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Bike Alpine County

This blog post and photos are submitted courtesy –Mark Schwartz, Co-Founder, California Alps Cycling

https://californiaalpscycling.bike/


One of my favorite things to do here in the CA Alps is to visit the little town of Genoa. It has a dusty, musty, rusty ol’ watering hole, named after the town, and it’s the oldest bar in Nevada; a few great restaurants/cafes, some antiquing and a nice little park, Mormon Station, for picnicing. It’s definitely worth some time and the bloody marys, and the cold beer, at the Genoa Bar can make for a nice little diversion – not necessarily on the bike but hey, to each his/her own, I guess. I’ve been known to partake in a beer or two during a ride. Haven’t tried a “BM” yet but I think I may just have to get that a whirl.


Okay, to make it an even better day, ride to Genoa! From CAC HQ here in Markleeville, it’s 55 miles and about 3000 feet of climbing. And, if you time it right (head out early a.m., NLT 9) so you’re coming back with the wind. Even then, no promises. The wind gets to whipping out in Carson Valley, especially in the area in and around “the mesa.”


So that’s my route, on this somewhat chilly February day. From CAC HQ, up to Woodfords, Diamond Valley, and Foothill.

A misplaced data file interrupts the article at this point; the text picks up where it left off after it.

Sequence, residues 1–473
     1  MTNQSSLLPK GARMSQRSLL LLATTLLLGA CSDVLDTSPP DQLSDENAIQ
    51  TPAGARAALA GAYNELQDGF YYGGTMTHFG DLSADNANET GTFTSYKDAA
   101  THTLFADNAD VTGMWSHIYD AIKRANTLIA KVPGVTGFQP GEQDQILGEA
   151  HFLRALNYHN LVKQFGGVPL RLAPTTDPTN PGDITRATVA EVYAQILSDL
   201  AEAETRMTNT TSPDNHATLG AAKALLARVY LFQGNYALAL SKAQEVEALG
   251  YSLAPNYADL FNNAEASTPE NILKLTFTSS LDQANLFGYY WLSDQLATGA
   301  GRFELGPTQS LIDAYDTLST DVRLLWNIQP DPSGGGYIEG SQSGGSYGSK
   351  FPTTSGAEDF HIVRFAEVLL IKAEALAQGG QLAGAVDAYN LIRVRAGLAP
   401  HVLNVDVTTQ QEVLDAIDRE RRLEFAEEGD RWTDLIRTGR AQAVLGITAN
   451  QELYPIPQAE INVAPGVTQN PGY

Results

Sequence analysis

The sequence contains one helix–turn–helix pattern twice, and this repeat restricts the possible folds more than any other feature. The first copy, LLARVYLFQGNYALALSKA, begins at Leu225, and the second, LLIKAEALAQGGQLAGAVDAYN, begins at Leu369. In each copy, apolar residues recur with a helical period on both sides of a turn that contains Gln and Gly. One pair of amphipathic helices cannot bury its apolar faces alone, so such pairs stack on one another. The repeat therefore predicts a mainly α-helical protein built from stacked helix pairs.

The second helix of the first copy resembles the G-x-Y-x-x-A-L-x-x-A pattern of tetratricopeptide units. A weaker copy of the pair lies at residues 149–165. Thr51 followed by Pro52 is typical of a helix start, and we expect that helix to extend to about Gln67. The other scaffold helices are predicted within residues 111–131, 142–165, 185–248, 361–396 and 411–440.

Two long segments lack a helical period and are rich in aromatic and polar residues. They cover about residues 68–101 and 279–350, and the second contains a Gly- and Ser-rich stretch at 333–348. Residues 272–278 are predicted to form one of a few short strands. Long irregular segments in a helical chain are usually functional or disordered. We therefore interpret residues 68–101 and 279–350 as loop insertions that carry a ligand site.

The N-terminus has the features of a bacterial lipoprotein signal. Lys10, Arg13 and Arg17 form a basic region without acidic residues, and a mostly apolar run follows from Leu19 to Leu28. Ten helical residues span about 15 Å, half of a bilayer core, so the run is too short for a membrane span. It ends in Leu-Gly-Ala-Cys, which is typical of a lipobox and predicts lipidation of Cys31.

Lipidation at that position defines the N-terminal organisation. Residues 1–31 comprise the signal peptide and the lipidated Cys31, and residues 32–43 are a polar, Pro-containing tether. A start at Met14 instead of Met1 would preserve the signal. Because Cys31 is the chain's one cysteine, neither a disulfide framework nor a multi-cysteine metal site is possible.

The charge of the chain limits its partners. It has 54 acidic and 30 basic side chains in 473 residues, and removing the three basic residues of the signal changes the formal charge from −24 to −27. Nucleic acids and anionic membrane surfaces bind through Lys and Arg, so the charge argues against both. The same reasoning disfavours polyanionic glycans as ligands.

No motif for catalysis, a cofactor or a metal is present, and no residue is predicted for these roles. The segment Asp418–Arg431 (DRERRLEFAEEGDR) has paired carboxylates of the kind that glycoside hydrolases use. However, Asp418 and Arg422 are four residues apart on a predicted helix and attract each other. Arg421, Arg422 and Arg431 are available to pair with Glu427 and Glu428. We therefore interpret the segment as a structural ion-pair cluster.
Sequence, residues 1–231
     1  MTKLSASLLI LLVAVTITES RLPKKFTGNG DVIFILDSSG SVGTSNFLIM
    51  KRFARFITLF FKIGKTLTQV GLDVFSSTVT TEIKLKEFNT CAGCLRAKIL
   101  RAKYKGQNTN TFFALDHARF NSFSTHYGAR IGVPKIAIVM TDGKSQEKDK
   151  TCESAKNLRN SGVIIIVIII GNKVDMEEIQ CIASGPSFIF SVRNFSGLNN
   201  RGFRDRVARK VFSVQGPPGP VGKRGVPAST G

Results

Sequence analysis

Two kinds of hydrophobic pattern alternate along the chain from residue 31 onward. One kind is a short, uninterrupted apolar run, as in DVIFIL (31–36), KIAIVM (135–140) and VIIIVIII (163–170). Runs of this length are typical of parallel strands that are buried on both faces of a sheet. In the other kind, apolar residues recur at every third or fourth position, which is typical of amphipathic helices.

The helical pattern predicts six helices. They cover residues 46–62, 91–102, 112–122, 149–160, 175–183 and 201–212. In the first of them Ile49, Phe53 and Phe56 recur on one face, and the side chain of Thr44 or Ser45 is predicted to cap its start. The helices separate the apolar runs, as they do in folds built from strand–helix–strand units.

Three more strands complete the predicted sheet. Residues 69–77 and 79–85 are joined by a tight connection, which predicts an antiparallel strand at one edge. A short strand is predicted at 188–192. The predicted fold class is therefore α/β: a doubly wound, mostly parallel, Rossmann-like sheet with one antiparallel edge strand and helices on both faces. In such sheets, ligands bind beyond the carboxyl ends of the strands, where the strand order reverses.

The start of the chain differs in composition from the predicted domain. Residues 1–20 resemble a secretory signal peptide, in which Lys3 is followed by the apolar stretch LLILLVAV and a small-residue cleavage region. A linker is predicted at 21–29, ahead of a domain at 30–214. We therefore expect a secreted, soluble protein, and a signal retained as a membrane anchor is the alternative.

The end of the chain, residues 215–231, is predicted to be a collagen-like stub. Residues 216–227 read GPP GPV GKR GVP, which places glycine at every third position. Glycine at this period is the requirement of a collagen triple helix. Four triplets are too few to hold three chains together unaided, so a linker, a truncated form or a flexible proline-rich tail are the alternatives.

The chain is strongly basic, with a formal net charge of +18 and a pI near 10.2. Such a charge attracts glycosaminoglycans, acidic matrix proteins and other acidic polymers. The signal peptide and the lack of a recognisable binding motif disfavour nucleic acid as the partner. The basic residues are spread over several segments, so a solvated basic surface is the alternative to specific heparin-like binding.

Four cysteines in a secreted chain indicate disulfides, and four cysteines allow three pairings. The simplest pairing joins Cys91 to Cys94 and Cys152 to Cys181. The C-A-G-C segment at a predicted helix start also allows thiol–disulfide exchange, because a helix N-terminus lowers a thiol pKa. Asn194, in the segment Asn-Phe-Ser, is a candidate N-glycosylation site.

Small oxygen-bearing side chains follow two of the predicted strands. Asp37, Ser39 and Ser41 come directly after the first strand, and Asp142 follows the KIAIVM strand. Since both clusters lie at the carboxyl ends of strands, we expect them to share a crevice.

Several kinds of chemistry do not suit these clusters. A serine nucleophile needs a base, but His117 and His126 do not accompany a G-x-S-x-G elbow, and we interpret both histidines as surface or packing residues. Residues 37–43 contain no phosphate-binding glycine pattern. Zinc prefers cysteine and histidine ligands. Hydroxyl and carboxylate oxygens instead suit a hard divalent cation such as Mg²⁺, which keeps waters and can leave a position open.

As I mentioned, part of this ride includes Diamond Valley, Foothill Rd. and Emigrant Trail. You can add or deduct all or part for a shorter, or less hilly, or both, version of the ride. Diamond Valley, where Snowshoe Thompson (see my December 2017 post) lived, is a fun little diversion, but can be windy (windy’s somewhat redundant here in the Eastern Sierra, I’ve learned). Emigrant Trail, especially coming from Genoa, is a nice little kicker and if you haven’t done the ride from Markleeville to Woodfords than you’ll learn that those little rollers aren’t so little.


The altitude in Markleeville is about 5600′ and it’s about 4500′ in Genoa. Temps can vary, as always, depending on time of year but I’ve found that the typical weather apps are pretty good. Wind is generally stronger in the afternoon and generally comes from the West or Northwest. It can scream down those eastern faces so BOLO (be on the lookout) there. In the summertime, thunderstorms can develop quickly and drop a shitload of water in a short time so heads up there as well.



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A project of the Tuolumne County Transportation Council in collaboration with the California Bicycle Coalition Education Fund, the San Joaquin Council of Governments, the Stanislaus Council of Governments, the Calaveras Council of Governments, and Alpine County. Funded by Caltrans with SB-1 funds.